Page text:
Thursday, June 06, 2002

Volokh comments on the library internet filtering case:

In my view, the court is at its strongest when it argues that library filtering is unconstitutional simply because it blocks too much material.

I agree with most of what he says, but IMO this part of the court's opinion
is weak also. First, there is an escape clause for adults:

“[a]n administrator, supervisor, or other person authorized by the certifying authority . . . may disable the technology protection measure concerned, during use by an adult, to enable access for bona fide research or other lawful purpose.” CIPA § 1721(b) (codified at 47 U.S.C. § 254(h)(6)(D)).

Libraries could easily give an access code to turn off the filtering to
any adult who requests one.

Second, the argument hinges on the filters not working very well.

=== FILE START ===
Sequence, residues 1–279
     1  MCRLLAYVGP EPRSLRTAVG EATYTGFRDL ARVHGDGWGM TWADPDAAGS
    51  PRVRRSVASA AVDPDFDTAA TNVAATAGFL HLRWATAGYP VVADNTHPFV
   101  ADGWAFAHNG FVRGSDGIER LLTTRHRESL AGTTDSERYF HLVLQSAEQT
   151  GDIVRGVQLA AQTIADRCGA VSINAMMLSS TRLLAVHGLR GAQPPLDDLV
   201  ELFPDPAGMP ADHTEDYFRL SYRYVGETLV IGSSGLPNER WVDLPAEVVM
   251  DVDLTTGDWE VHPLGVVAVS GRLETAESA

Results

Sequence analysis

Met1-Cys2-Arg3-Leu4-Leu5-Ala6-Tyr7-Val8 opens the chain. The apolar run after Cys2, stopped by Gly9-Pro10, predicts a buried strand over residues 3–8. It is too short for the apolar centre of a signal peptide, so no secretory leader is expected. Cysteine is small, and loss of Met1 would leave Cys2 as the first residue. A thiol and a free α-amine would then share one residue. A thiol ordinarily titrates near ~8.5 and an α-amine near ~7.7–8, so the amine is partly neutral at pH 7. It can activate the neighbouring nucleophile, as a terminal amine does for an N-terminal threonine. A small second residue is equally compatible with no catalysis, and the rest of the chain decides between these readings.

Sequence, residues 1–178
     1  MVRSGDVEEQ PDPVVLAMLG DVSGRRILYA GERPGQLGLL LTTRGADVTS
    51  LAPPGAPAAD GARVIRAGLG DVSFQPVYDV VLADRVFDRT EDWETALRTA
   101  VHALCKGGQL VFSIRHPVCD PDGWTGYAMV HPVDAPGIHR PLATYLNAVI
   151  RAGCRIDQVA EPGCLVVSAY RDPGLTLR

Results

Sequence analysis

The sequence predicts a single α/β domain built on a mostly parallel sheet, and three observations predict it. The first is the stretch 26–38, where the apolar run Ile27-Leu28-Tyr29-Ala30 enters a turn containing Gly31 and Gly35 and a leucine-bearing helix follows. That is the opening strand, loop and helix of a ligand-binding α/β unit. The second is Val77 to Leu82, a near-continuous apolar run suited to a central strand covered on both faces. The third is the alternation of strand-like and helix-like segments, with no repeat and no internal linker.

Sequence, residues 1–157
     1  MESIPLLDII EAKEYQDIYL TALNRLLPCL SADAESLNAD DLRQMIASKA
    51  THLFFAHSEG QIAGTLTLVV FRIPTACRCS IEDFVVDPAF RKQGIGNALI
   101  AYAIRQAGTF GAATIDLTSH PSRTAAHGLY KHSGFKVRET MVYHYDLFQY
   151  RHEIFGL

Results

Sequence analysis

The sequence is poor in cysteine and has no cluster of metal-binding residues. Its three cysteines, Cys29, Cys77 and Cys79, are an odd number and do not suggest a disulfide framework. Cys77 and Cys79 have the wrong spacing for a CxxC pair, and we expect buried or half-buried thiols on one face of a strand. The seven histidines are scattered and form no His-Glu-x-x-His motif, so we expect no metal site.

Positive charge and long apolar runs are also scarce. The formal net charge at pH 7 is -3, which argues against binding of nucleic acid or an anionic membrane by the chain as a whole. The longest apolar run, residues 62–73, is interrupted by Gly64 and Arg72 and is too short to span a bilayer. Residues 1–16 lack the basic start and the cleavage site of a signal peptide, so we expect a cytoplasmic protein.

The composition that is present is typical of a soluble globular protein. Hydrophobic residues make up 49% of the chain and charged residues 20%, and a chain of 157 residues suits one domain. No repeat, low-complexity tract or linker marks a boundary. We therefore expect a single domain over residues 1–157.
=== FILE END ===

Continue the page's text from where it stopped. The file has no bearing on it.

I don't believe that filters are necessarily so bad. Google has a
porn filter, and it seems to work ok. (You can turn it on or off.)

Third, the court is willing to separate the funding from the filtering
(and let the libraries keep the money), but not willing to separate
the issue of filtering for minors.

Filtering for various purposes is increasingly popular. Eg, blocking
spam, pop-up ads, P2P protocols, potential hacker attacks.
If a library runs a simple firewall, then probably some constitutionally
protected speech will be blocked. Is it now illegal for a library
to use a firewall?

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